“It’s not just a question of who you like,” Edwards said at an event I covered. “It’s not just a question of whose vision you are impressed with. It’s also a question of who is most likely to win the general election. It’s a pretty simple thing. Who will be a stronger candidate in the general election here in the State of Iowa? Who can go to other parts of the country when we have swing candidates running for the Congress and the Senate? Is the candidate going to have to say, ‘Don’t come here. Don’t come here and campaign with me. I can’t win if you campaign with me.’”

He added later, “I think it’s just a reality that I can campaign anyplace in America.”

In an interview I did with him after the event, Edwards strongly rejected the suggestion that his comments about being the most electable candidate in the Democratic field were a way of saying America won’t vote for a black man (Obama) or woman (Clinton) without actually saying it — to a largely white, elderly rural audience in Carroll with no national media present.

If Young is to be believed on this, we know what Edwards meant.

As a former congressional staffer myself I’m generally repulsed by insider “tell-alls.” Our leaders need to be able to trust staff members so open dialogue and debate can occur without them worrying every errant word or bad idea will be chronicled in an aide’s memoir. But Edwards so betrayed trust that Young essentially owed its publication to the nation. John Edwards put his party and nation at risk, a selfishness that demands a lifetime ban from the levers of power.

There’s just so much not to like about Edwards.

Here is what Young reports: Disgustingly, Edwards used the story of his teenage son Wade’s death in court cases and campaigns. John Edwards once wrecked a staff member’s car and just returned it to the person’s driveway without saying anything. He was late to events in Iowa because he was trying to manage his affair with Rielle Hunter via cellphone. And once she became pregnant, he persuaded a loyal staffer, Young, a husband and father, to falsely claim paternity in order to protect his chances of winning the Iowa caucuses — only after urging that an abortion resolve the embarrassment.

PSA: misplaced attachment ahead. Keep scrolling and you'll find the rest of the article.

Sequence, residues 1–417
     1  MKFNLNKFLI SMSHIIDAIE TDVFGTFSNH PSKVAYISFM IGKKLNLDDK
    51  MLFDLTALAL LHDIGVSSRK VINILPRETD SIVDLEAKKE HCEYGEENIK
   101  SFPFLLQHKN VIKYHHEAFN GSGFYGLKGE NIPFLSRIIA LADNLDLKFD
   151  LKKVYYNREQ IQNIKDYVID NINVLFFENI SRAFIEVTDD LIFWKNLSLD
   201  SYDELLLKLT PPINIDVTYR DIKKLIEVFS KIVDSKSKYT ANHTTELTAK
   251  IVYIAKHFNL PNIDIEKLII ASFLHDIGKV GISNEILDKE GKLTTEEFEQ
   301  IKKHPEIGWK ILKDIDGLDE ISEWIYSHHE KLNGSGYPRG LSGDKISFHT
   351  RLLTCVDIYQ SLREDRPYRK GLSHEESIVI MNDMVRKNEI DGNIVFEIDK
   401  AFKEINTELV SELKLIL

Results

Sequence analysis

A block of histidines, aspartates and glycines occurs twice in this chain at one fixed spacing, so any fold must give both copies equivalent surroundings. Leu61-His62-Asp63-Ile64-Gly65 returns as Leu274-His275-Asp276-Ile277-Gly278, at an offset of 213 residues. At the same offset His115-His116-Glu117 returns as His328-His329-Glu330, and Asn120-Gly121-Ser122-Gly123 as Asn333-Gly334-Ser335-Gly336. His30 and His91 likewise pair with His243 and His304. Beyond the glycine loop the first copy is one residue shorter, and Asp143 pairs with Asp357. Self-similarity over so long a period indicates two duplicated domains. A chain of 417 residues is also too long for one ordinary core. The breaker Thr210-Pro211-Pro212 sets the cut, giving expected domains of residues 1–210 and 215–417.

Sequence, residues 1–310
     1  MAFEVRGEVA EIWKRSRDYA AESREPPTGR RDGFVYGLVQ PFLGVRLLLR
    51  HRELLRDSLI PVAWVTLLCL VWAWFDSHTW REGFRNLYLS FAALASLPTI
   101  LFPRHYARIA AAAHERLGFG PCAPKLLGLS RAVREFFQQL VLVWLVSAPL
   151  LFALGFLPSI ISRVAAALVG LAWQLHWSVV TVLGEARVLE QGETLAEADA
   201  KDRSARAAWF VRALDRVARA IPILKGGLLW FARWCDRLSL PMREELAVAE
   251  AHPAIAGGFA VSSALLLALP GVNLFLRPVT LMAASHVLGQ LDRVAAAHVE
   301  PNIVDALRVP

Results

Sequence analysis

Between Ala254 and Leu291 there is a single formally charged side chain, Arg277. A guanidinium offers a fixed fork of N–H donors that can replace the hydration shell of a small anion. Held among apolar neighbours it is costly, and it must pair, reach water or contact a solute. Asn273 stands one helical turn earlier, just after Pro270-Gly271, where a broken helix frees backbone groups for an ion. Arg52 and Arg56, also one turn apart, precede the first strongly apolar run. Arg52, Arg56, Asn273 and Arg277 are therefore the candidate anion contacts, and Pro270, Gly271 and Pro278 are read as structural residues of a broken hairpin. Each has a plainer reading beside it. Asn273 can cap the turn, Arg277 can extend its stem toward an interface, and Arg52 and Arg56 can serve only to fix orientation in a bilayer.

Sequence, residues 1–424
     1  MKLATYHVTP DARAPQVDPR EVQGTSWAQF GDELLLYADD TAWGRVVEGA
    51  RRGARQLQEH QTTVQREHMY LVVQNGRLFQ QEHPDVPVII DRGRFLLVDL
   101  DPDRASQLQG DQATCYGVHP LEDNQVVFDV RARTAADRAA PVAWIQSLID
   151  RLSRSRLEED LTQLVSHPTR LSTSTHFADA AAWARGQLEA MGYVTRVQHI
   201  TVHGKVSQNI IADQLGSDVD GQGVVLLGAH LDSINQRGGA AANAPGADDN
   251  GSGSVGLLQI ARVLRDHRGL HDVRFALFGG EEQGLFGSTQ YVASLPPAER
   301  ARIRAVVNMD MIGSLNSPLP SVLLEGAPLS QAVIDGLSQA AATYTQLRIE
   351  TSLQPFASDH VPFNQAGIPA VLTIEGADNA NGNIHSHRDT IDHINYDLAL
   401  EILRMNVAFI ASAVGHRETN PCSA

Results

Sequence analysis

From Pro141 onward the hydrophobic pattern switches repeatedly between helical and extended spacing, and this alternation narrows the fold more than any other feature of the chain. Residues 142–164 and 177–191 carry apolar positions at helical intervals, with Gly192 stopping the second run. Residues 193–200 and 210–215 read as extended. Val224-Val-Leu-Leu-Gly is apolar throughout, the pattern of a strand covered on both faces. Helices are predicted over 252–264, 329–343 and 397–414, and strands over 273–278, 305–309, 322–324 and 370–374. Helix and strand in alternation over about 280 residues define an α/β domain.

The Youngs helped squirrel away Hunter (funded by big donors) in Santa Barbara and North Carolina and elsewhere. She made the mistake of leaving a tape behind with the Youngs during a move.

“As soon as I pressed ‘play,’ we saw an image of a man — John Edwards — and a naked pregnant woman, photographed from the navel down, engaged in a sexual encounter,” Young writes.

As much as anything, Obama saved the Democratic Party from John Edwards.

For her part, Elizabeth Edwards, generally a celebrated figure for her role in the campaigns and losing battle with cancer, sent some awfully horrible emails and made some terrible phone calls, aiming her anger with Edwards at staff members and others. The Young book reveals her as pathologically ambitious and cruel.

“We thought you should know that this is not Andrew’s first woman,” Elizabeth Edwards says, cackling, to Young’s wife, Cheri, on one saved voice message.

There are more such documented anecdotes in the 368-page New York Times best-seller.

“As a youth John Edwards had been the ‘golden boy’ in his family and in his town,” Young writes. “Sometimes, I wondered if he had been loved too much back then and somehow got the idea that the rules might not apply to him the way they did to everyone else.”

In the end, the book confirmed my instincts about the Edwards campaign being a masquerade ball.

Young is a solid writer with paced prose, making “The Politician” immensely readable.

And it should be read as a cautionary tale for what happens with our cult-of-personality politics. We would do better to search for what we believe about policies and priorities and scrub this dangerous expectation, this child-like embrace of politician-as-savior from our elections.